Humor and heart get conjured up in this fun ride-to-film transition.
20 years ago, we had the Eddie Murphy film version of the popular Disneyland ride “The Haunted Mansion,” which didn’t work and ended up being forgettable. 20 years later, we have “Haunted Mansion,” which mostly works for its emotional side and likable performances from Lakeith Stanfield, Tiffany Haddish, Owen Wilson, and Danny DeVito than a few of its other formulas.
Director Justin Simien (“Dear White People,” “Bad Hair”) gives some fun vibes with the sets, and writer Katie Dippold (“The Heat”) adds some emotional aspects in some of the characters, and they both manage to have the kind of ride-to-movie transition that “Pirates of the Caribbean” had. Certainly much more entertaining than how Dwayne Johnson and Emily Blunt led “Jungle Cruise.”
Rosario Dawson plays a mother named Gabbie who dresses up like she’s a housewife in the 50s-60s, and her son Travis (Chase W. Dillion) dresses up like a 40s kid. They both move into an old mansion in New Orleans, as a way to restart their lives and possibly open up a B&B. After all, there’s no way they can afford to live a big mansion for just the two of them without, at least, a business opportunity. The minute they arrive at their new abode, Travis starts to get haunted by ghosts and moving knight’s armor. And just as Gabbie thinks the house is toying with his imagination, she sees the moving knight’s armor, and says: “We’re outta here.”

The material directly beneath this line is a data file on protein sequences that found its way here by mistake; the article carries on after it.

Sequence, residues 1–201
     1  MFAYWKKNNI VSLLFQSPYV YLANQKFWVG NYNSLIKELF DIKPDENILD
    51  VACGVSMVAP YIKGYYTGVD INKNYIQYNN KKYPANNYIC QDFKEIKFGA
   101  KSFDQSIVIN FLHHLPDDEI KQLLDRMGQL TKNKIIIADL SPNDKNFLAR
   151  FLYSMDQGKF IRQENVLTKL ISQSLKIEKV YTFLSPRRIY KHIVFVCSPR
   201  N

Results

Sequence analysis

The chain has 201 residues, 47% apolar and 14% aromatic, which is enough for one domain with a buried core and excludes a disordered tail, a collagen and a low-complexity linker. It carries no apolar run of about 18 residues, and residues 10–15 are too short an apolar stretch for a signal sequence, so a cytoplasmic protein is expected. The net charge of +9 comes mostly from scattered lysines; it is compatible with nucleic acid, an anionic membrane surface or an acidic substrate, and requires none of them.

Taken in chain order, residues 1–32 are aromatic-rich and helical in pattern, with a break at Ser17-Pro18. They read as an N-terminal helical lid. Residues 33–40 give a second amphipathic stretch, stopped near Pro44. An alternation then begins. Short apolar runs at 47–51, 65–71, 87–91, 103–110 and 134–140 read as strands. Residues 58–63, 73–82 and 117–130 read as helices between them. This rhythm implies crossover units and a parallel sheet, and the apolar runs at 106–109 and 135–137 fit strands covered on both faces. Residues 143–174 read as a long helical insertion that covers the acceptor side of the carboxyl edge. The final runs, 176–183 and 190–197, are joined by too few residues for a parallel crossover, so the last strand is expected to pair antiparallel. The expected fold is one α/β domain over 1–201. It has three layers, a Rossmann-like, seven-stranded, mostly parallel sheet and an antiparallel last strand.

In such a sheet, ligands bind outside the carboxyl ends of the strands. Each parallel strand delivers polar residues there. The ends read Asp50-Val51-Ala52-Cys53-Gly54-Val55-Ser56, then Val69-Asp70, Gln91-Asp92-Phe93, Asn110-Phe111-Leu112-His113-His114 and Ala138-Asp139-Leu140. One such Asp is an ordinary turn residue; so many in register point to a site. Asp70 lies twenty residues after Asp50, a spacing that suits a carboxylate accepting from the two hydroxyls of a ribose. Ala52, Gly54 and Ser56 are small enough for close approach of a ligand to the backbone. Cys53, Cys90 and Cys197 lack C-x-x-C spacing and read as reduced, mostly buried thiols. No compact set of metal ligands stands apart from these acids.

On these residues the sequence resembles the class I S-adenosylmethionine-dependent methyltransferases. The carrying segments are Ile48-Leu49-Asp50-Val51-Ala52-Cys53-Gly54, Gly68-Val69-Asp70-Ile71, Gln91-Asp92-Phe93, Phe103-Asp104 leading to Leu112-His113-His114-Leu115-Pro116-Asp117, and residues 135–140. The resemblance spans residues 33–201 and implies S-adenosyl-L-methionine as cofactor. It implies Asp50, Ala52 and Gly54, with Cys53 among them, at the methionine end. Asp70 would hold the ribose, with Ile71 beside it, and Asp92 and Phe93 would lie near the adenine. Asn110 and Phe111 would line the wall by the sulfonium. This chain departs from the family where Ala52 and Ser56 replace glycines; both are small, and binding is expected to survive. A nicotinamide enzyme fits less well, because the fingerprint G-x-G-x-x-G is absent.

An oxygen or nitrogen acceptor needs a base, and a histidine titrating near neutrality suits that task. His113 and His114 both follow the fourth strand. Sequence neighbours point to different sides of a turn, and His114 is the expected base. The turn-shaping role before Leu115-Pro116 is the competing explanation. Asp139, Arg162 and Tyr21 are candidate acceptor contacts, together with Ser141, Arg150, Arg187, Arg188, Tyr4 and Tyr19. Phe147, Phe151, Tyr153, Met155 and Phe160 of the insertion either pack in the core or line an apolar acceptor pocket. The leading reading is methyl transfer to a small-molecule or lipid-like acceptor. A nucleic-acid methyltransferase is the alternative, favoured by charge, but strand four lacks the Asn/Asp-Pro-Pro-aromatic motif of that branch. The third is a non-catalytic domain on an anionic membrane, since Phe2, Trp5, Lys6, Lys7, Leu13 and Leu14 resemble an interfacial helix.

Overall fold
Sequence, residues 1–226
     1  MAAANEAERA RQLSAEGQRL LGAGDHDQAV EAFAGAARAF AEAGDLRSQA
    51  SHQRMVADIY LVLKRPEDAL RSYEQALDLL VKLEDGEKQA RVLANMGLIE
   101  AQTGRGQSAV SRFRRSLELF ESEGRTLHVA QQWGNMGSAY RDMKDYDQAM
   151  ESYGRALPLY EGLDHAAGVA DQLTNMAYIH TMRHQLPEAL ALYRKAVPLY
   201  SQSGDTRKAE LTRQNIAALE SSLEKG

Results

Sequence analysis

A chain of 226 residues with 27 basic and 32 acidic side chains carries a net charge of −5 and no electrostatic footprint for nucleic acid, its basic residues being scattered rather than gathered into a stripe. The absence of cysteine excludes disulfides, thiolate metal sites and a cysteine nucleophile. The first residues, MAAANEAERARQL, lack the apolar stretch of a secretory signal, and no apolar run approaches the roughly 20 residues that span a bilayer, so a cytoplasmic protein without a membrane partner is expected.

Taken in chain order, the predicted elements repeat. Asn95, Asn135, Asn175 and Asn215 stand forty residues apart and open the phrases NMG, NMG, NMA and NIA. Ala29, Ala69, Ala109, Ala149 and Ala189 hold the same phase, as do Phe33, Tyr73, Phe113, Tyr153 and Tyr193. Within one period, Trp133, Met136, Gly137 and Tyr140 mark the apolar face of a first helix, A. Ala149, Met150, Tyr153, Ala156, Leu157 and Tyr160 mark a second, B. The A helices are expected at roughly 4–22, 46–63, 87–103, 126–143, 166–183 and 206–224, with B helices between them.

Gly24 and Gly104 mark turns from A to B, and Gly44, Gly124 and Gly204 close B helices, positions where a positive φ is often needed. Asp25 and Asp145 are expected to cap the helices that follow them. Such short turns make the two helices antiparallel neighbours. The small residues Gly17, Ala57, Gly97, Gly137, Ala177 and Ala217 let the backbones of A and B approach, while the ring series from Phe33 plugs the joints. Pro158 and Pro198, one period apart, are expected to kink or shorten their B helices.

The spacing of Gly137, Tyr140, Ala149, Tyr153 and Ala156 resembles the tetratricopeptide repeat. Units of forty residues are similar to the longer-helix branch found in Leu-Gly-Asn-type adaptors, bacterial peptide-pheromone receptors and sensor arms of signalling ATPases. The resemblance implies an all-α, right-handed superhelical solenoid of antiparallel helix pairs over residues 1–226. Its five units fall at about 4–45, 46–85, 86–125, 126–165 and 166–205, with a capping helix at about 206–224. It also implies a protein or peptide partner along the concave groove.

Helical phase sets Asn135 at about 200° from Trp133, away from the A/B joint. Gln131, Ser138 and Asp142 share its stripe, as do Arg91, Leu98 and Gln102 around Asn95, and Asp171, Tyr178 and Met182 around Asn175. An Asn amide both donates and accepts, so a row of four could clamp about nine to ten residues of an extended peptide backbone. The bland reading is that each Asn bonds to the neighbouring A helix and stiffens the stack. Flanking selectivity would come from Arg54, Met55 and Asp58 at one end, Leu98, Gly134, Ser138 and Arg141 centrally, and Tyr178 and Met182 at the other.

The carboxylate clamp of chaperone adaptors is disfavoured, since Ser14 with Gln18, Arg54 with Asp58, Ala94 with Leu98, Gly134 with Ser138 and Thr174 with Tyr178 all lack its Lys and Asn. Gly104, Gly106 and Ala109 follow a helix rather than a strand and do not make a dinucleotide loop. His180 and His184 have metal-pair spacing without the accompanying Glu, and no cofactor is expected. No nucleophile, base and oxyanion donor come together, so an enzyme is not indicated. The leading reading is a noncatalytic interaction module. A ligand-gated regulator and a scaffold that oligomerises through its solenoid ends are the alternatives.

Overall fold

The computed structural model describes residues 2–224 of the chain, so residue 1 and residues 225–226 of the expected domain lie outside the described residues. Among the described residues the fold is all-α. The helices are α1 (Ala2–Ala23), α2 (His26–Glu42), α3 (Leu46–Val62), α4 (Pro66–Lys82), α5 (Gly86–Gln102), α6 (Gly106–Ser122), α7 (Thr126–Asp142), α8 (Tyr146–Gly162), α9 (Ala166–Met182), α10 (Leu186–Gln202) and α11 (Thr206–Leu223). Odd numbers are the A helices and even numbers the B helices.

So pays a drunken tour guide named Ben (Lakieth Stanfield) to take pictures of the apparitions in her house, as he was fascinated by paranormal research, until a tragedy destroyed him. He arrives thinking it’s all a joke, but then the spirits begin to follow him home. So, it’s no joke. It’s real AF.
With the help of a priest named Father Kent (Owen Wilson,) a medium named Harriet (Tiffany Haddish), and a historian named Bruce Davis (Danny DeVito), Ben must find a way to end whatever Hellish activities have been plaguing the house for years.
“Haunted Mansion” goes for the emotional jugular when Ben cries over his tragic past, when he lost his wife (Charity Jordan), and wishes he could reunite with her spirit, at least. And the same applies for the kid and his father. Stanfield does a good job in that notion, and he has a likable connection with Haddish, Wilson, and DeVito.
I’m not a fan of the ghosts, who are too superficial to be supernatural. And there could have been more basis to Jamie Lee Curtis as Madame Leota (who lives in the crystal ball) and Jared Leto as the Hatbox Ghost, who is the cause of the mansion’s horrors. But most of the human characters, as well as their levity and energy make for one exciting ride, I’d say for older kids, teenagers, and adults who trust in Simien’s skills. He’s transitioned from the independent filmmaking game to the Disney world, and he does a wickedly good job at it.
And I also admire the themes New Orleans have to offer, especially the way the characters are able to adapt to whatever wicked this way comes. It refuses to condescend anyone, and for a family horror comedy, it doesn’t go for the sad and dreary approach. It goes for the goofy sense. Pun intended.
This article was written by me with full support of the SAG-AFTRA and Writers Guild of America strikes.